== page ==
U.S.-ASEAN Relations: Charting Next Steps during the 40th Anniversary

By Shannon Hayden —

Former president Barack Obama hosted a U.S.-ASEAN Special Leaders summit at Sunnylands, California on February 15-16, 2016. Source: U.S. Mission to ASEAN, U.S. Government Work.

The year 2017 is a milestone for the Association of Southeast Asian Nations (ASEAN). During this 50th anniversary of the 10-nation bloc, ASEAN finds itself representing a region that is prospering and peaceful overall, having successfully both limited its ambitions and included disparate political, economic, and cultural systems. But the group suffers from persistent criticism of its consensus approach, which can result in a least-common-denominator way of doing business — leading to paralysis and preventing the organization from acting decisively on important regional challenges. ASEAN’s place, too, in a U.S.-China rivalry over influence in Asia is becoming a tougher needle to thread. Bold action may not characterize ASEAN, but if it was never meant to, how can that be a failure?

With a population of 630 million and a combined economy of $2.5 trillion, much of the organization’s focus through its 50-year existence has been on economics and the integration mechanisms needed to form a single regional market. The launch of the ASEAN Economic Community last year was the culmination of decades of planning and represents a signal that political and security concerns are secondary priorities. Despite criticism, this is a practical choice that has worked well for Southeast Asia, whose nations’ growth rates over the last generation are evidence.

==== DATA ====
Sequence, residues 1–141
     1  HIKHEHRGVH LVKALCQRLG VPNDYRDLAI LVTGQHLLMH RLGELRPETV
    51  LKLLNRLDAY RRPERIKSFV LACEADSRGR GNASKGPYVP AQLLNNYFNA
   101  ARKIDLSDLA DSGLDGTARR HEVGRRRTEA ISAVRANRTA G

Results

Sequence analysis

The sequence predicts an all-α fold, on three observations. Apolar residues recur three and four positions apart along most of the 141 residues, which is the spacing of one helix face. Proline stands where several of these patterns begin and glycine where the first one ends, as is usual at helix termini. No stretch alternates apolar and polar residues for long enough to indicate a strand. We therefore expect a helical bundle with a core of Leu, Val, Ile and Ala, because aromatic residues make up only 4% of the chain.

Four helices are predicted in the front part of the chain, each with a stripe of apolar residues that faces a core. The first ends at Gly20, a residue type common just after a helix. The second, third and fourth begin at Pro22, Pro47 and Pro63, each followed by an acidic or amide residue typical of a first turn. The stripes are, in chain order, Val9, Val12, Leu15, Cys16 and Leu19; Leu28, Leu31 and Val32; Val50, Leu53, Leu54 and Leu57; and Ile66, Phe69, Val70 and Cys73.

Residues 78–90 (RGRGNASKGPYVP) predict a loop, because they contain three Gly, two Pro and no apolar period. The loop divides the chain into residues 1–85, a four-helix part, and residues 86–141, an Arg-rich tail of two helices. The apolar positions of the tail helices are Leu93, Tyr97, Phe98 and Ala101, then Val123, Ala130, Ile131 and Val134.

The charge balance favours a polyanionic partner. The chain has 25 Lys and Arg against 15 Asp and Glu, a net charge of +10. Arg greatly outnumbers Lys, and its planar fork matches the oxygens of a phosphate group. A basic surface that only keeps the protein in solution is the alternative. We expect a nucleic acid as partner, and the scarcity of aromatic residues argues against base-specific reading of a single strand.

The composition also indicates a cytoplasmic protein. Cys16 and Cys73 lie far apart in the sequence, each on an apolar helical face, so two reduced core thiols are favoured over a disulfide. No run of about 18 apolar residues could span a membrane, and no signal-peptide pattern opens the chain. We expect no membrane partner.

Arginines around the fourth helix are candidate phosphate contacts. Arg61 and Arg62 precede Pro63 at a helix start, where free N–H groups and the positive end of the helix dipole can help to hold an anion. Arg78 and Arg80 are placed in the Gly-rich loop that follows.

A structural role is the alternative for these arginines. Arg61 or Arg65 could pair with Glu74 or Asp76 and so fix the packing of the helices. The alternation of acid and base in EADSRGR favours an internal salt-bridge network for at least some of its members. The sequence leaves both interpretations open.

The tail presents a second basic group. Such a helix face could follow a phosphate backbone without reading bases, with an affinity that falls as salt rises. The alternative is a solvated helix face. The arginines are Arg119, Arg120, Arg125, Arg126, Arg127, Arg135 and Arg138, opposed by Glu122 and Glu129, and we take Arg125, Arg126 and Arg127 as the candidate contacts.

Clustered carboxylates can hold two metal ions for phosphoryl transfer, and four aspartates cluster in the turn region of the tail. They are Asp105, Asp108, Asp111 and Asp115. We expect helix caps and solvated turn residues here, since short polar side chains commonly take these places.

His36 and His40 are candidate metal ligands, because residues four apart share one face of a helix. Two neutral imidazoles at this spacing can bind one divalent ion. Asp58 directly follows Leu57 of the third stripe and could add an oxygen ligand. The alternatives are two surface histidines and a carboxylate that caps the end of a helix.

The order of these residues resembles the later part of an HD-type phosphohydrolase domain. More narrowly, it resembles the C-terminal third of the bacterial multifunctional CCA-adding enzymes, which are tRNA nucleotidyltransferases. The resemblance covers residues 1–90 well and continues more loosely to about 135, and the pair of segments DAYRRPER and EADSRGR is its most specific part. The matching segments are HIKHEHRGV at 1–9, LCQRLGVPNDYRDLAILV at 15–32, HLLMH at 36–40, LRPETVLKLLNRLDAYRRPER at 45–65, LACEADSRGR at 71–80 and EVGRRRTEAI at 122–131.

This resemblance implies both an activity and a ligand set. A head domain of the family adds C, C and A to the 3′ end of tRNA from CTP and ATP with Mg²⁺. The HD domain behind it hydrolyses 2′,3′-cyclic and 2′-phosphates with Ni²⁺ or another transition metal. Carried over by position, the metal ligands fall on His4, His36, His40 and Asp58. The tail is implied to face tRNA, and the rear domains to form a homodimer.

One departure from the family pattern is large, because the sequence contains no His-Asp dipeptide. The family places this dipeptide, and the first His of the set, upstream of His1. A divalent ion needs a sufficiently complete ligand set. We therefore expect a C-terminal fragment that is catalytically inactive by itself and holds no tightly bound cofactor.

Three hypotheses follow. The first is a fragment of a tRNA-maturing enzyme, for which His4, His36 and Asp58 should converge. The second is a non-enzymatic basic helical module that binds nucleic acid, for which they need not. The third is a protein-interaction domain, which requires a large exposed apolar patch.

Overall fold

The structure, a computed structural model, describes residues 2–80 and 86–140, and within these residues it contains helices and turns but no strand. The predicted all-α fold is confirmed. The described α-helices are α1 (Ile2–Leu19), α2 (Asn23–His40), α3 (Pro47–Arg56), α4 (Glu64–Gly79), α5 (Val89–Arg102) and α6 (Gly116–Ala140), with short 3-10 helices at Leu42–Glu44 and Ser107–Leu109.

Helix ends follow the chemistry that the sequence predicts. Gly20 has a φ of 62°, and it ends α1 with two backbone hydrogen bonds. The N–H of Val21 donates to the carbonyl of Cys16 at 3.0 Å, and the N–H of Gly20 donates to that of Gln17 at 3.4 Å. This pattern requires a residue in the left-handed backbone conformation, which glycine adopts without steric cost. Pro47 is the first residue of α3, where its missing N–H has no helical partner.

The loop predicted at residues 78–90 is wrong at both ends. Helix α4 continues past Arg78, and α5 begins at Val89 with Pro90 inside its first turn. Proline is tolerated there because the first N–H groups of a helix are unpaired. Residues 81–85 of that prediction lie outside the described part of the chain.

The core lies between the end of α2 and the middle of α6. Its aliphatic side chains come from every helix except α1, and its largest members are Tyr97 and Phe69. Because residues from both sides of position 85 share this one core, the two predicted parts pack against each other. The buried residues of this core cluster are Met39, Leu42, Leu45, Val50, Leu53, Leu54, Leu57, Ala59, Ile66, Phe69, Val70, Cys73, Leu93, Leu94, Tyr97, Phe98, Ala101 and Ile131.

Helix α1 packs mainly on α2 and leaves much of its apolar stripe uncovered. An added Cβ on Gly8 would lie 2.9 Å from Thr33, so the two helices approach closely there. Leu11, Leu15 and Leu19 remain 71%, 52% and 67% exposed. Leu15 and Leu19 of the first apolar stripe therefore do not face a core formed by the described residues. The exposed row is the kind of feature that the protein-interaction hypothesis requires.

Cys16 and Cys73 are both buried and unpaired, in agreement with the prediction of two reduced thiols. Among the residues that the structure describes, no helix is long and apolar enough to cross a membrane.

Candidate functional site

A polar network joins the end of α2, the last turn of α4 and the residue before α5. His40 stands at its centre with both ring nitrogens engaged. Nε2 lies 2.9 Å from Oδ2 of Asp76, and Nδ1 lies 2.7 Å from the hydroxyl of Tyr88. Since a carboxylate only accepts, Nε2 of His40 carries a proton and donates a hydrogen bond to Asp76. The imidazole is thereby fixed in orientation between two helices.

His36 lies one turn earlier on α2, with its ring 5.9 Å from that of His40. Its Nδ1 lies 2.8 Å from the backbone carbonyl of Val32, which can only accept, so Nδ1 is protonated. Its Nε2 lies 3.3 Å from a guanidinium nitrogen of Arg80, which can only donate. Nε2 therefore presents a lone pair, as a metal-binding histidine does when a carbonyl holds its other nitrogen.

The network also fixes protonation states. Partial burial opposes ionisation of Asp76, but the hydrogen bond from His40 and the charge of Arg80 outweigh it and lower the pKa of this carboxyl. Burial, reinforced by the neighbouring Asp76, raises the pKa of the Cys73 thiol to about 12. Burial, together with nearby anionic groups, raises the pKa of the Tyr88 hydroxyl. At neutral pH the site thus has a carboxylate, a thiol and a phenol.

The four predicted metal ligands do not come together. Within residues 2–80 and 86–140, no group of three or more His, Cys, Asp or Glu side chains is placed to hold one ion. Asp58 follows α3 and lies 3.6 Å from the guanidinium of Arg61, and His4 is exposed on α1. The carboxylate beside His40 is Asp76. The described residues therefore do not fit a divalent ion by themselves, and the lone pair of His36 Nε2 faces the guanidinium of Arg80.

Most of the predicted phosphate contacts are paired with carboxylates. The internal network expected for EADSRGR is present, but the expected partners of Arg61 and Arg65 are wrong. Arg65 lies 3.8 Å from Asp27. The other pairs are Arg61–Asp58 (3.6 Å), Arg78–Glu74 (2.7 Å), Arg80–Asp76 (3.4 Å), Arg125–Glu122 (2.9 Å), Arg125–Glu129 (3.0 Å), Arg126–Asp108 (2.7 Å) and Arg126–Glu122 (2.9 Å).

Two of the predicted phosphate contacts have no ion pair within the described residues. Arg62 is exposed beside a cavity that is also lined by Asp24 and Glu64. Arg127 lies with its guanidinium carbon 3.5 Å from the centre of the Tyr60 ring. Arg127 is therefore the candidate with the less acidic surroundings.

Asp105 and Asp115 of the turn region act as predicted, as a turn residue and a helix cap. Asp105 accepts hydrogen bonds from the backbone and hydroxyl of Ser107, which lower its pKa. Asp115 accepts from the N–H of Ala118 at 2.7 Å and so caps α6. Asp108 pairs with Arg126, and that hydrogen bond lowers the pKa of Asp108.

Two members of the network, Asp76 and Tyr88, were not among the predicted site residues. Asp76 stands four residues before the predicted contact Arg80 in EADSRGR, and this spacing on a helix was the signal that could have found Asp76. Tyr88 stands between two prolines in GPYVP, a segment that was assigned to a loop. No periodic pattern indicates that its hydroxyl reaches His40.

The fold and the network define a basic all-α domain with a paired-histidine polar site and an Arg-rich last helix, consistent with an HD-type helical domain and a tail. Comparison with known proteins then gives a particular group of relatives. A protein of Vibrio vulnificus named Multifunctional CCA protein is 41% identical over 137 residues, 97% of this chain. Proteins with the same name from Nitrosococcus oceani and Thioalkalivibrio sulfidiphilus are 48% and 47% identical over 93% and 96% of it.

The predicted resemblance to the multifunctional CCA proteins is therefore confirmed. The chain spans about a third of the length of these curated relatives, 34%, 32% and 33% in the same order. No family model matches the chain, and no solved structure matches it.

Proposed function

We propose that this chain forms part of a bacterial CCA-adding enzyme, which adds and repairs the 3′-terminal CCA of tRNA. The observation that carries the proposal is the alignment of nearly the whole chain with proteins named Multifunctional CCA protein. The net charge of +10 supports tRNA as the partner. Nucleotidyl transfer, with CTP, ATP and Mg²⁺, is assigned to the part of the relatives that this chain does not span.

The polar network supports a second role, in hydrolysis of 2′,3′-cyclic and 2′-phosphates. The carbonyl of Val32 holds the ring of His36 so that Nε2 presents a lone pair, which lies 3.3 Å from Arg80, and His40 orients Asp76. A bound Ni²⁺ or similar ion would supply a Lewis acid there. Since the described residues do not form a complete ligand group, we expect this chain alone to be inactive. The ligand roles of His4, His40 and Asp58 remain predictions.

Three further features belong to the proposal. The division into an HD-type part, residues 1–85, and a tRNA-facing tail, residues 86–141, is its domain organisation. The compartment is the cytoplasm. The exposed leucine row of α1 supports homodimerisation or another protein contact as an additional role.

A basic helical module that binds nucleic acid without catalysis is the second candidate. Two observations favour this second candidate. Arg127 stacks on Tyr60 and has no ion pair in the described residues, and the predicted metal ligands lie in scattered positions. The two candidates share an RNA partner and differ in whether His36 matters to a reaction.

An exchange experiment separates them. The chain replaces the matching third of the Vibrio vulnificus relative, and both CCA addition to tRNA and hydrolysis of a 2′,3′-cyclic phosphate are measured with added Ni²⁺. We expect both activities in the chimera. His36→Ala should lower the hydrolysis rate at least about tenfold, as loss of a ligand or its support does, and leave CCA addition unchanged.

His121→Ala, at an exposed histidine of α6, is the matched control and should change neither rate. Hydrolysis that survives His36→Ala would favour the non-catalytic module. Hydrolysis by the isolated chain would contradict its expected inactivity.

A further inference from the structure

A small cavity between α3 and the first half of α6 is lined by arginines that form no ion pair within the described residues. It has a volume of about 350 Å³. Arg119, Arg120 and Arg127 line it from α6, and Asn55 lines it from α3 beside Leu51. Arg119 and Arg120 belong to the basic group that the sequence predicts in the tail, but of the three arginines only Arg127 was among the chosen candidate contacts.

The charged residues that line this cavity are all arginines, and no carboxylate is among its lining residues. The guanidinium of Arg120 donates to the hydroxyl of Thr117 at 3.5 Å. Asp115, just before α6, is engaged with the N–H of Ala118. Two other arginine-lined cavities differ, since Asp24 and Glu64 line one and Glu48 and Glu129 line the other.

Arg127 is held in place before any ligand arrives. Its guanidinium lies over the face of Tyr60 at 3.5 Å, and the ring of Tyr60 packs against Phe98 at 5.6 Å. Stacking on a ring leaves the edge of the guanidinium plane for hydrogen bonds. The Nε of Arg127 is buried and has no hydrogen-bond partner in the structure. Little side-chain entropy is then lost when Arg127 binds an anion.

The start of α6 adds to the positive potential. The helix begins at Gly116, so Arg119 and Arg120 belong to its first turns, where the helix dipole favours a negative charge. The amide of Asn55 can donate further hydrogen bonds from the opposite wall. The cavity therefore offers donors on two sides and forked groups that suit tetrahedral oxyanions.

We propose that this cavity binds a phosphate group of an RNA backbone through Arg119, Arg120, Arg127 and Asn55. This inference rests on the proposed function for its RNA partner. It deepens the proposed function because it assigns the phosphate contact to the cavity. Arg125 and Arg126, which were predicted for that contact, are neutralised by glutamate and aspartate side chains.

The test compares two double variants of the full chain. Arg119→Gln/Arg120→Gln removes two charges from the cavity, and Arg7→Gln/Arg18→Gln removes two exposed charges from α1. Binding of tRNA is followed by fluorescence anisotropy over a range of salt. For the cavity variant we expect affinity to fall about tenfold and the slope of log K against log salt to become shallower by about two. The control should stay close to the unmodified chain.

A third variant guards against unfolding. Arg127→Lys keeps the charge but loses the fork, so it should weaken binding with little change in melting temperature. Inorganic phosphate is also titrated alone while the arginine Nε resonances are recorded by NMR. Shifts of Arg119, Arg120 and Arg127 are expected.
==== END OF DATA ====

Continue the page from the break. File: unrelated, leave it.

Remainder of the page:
ASEAN has also made itself into the focal point for regional architecture. It has enmeshed its member countries, neighbors, and far-flung others with interests in the region into an overlapping web of institutions, meetings, and working groups that address issues at the highest levels and through the cumbersome process of consensus building. The concept of ASEAN “centrality” to regional forums like the ASEAN Regional Forum (ARF) and the East Asia Summit (EAS) speaks to the way the region has successfully brought other countries, including China, to the table for international dialogue. While no one ASEAN country can yet compete for influence as a great power, together the member states have shown the role they can currently play best in the international system.

Although investment, trade, and economic integration may come first, the principal concern to ASEAN in the security realm is the South China Sea. China’s confidence, expansive influence, and determination to alter the status quo have changed the game considerably over the last decade—witness the impossibility of even referencing the Arbitral Tribunal’s strong ruling on China’s claims (in favor of the Philippines) last July in a joint ASEAN statement. Cambodia’s refusal to support language from a ruling hailed worldwide as a clear rejection of China’s actions—and subsequent public thanks from China for doing so—is as clear a signal as needed of current power dynamics. That Philippine president Rodrigo Duterte himself has “set aside” the ruling in order to avoid “imposing” on China confirms this.

The Philippines holds the rotating ASEAN chair during this anniversary year, which has as its theme “Partnering for Change, Engaging the World.” As outlined by Duterte, the regional bloc has six priorities for the year:

  • A people-oriented and people-centered ASEAN
  • Peace and stability in the region
  • Maritime security and cooperation
  • Inclusive innovation and growth
  • ASEAN’s resiliency
  • ASEAN as a model of regionalism and a global player